November Issue 2009

By | Arts & Culture | Movies | Published 15 years ago

John Herbert Dillinger was a household name in the 1930s, infamous for his criminal chutzpah. While he may have shown bravado in his bank robberies, he obviously did not want to stand out in public too much: he had become one of America’s most wanted. It was probably difficult for Dillinger to remain low-key, though, as he had achieved celebrity status. He was a hero to many disgruntled and disillusioned Americans during the Great Depression, for he was a man who took what he wanted. It is the exploration of the private side of Dillinger, though, that is the most fascinating part of the biopic Public Enemies.

Old photos of Dillinger show a man with a hardened face. When he wasn’t staring into the camera with a mobster-like coldness, he had a slight smirk on his face. Depp captures this aspect of the Depression-era criminal nicely. On screen, Depp shows us a professional robber who is arrogant, condemnatory of others and possesses a strong sense of entitlement.

Depp’s impressive performance also shows the tough, vicious side of Dillinger. This comes through in Dillinger’s democratic dispensation of violence to those tracking him and to those in his gang who let him down. As a result, Dillinger became not just a bank robber but also a murderer.

Dillinger’s time in the headlines was rather short: less than a year, from late 1933 to mid-1934. But during that time he grabbed the national headlines. The US Bureau of Investigation (later renamed the FBI), led by a young J. Edgar Hoover (Billy Crudup), made nabbing Dillinger a priority. Hoover appointed a hotshot agent, Melvin Purvis (Christian Bale), to lead the search. Purvis was a hands-on investigator who used a combination of new scientific crime-fighting methods and firepower to stop a rising wave of criminals in their tracks.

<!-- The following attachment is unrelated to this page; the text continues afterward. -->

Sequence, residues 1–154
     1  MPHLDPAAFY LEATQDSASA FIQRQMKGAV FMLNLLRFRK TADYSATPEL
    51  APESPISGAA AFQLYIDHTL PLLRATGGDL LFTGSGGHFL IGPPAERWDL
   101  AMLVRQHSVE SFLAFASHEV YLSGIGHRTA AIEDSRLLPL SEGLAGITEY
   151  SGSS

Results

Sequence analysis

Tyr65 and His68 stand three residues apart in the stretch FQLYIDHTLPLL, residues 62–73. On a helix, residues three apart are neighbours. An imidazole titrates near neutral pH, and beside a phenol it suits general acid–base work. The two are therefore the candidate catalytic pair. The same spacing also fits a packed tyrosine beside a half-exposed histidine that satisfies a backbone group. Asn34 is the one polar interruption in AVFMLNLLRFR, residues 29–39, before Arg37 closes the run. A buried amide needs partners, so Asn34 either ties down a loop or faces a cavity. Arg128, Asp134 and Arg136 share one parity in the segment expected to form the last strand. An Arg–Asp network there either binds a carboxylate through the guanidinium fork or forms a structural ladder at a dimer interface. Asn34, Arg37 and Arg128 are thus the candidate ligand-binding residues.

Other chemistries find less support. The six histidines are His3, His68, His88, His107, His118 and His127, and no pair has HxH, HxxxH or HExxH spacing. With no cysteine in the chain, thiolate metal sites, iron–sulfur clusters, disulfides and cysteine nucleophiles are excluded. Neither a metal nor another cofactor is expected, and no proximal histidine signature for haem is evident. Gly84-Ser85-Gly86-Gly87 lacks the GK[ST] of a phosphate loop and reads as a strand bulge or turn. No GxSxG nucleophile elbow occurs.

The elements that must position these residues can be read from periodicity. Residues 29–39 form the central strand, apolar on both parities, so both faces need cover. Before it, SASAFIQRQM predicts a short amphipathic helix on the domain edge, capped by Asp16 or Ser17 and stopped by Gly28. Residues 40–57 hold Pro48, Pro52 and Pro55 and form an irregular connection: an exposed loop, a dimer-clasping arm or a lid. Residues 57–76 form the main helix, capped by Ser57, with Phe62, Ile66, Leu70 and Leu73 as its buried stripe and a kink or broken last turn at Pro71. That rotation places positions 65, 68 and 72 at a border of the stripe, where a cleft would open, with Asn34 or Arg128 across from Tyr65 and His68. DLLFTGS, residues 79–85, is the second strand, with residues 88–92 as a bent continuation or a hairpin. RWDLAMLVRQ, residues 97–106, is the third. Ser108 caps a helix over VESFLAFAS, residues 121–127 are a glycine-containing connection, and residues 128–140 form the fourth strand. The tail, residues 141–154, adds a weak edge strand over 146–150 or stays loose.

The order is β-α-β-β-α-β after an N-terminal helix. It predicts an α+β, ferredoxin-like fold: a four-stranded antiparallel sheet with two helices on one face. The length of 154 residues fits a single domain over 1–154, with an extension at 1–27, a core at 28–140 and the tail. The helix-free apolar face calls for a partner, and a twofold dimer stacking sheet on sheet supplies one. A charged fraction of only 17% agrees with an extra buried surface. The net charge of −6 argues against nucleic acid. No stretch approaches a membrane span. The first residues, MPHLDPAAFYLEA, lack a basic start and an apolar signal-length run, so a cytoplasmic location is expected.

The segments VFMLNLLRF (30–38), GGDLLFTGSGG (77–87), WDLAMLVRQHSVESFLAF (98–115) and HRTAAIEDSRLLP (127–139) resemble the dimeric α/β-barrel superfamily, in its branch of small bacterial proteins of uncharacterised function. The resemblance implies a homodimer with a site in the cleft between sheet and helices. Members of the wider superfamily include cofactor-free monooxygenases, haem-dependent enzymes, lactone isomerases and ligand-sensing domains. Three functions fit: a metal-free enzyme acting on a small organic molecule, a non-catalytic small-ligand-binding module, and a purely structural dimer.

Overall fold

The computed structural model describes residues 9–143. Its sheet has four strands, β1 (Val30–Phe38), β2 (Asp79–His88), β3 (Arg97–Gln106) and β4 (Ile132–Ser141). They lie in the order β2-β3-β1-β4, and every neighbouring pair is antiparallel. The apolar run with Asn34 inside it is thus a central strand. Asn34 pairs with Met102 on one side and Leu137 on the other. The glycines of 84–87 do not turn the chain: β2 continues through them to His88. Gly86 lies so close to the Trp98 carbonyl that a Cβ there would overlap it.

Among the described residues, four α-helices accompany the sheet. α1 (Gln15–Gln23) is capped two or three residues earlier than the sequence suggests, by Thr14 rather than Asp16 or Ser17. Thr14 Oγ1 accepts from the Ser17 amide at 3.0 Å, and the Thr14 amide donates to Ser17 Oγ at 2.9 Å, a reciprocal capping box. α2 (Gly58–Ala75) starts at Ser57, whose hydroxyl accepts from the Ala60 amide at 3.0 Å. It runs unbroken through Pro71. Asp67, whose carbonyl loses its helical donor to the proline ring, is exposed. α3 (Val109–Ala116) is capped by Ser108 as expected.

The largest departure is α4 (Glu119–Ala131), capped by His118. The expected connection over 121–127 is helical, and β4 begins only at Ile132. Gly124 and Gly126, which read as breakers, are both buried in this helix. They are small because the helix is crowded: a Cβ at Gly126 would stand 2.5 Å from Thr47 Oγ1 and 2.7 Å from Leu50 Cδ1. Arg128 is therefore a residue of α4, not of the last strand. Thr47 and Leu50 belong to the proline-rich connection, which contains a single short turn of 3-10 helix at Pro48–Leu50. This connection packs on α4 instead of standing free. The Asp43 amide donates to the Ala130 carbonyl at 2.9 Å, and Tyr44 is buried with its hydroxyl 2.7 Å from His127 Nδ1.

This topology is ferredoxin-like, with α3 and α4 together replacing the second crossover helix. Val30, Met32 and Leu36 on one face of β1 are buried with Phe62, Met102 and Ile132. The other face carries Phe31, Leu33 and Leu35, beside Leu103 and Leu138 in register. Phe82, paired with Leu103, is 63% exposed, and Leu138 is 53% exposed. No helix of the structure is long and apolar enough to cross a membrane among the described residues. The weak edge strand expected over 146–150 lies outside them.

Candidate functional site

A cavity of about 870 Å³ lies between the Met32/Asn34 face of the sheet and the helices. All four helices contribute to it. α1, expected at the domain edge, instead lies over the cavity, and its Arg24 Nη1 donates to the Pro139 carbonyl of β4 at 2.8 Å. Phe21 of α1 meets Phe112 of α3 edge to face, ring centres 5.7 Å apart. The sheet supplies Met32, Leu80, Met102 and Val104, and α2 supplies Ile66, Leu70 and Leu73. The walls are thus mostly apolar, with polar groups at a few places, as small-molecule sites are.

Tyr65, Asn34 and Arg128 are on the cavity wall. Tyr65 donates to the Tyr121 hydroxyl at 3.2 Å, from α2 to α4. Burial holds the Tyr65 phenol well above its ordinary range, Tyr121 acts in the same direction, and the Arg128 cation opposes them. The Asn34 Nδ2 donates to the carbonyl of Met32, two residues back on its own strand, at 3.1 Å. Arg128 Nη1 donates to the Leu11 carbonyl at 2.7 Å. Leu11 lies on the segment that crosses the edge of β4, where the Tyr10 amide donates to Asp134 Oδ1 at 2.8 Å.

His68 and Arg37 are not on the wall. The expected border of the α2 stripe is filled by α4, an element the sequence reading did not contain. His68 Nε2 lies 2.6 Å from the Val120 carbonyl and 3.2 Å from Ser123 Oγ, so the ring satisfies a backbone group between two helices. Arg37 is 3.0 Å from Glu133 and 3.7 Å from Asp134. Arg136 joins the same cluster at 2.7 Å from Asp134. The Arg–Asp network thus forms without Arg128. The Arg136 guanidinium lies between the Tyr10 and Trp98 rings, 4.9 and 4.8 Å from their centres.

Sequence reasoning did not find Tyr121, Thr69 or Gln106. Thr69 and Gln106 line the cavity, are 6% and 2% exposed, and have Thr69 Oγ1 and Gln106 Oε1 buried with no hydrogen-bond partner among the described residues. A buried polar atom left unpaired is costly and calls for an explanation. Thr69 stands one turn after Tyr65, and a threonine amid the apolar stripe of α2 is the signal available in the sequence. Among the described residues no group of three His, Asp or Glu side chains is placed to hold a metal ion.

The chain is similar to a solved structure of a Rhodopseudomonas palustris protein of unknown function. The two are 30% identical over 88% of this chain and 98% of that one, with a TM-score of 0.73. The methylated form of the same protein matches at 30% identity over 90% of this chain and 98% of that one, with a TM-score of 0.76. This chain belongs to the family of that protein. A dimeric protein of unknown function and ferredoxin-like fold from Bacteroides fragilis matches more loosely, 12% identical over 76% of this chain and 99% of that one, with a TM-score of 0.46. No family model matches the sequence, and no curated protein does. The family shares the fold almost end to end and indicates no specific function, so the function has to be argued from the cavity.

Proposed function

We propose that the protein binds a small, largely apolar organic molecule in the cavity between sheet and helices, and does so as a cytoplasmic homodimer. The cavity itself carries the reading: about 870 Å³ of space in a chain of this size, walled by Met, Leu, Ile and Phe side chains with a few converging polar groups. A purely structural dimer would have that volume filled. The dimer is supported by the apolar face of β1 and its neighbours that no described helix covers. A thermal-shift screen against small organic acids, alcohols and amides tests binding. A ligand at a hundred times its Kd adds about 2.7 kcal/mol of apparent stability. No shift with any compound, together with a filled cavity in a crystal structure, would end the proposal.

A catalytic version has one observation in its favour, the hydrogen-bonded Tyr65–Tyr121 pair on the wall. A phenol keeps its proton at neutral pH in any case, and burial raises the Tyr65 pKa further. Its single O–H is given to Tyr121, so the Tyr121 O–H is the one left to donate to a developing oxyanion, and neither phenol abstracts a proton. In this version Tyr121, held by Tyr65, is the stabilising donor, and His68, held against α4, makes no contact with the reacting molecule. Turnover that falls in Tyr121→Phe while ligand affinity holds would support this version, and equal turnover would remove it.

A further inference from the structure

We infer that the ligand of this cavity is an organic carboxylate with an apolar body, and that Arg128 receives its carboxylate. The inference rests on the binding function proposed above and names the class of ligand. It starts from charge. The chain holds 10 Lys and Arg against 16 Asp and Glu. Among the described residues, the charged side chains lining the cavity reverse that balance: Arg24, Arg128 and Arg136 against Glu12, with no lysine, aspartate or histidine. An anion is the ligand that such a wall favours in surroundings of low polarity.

In Public Enemies, we get little sense why Dillinger turned out to be the man he was. Biographers talk about his motherless childhood, then a stepmother he detested and, of course, a long prison sentence for a small-time robbery, but the movie doesn’t. The film mentions a mentor and his wise teachings, but nothing is revealed about that relationship — one that undoubtedly shaped his thinking on society and criminal strategy. We do see his quick rise, his almost fatalistic attitude and the woman, Billie Frechette (Marion Cotillard), who helped accelerate his even quicker fall.

Through jailbreaks, bank heists, a parade of the era’s notorious gangsters and shootouts, director Michael Mann gives audiences an unsurprisingly violent film. But this adds little to the excitement or speed of the movie. This movie drags. Few of the characters are compelling (Hoover is a caricature and Bale’s Purvis shows little evolution). And even at over two hours, this film unfortunately tells us little we didn’t already know about Dillinger.

Sadly, despite the immaculately composed shots and authentic feel, Mann’s film doesn’t create the drama achieved in his successes Collateral and The Insider. Even Depp, while solid, doesn’t hit the standard of his portrayals of Jack Sparrow and Gilbert Grape.

There is a standout element of the movie though (besides the shot of girls going dreamy-eyed over Dillinger as if he was a rock star). It is a song. Otis Taylor’s “Ten Million Slaves” is a twangy ode to early southern blues that has a driving tempo that perks up an otherwise yawner of a film.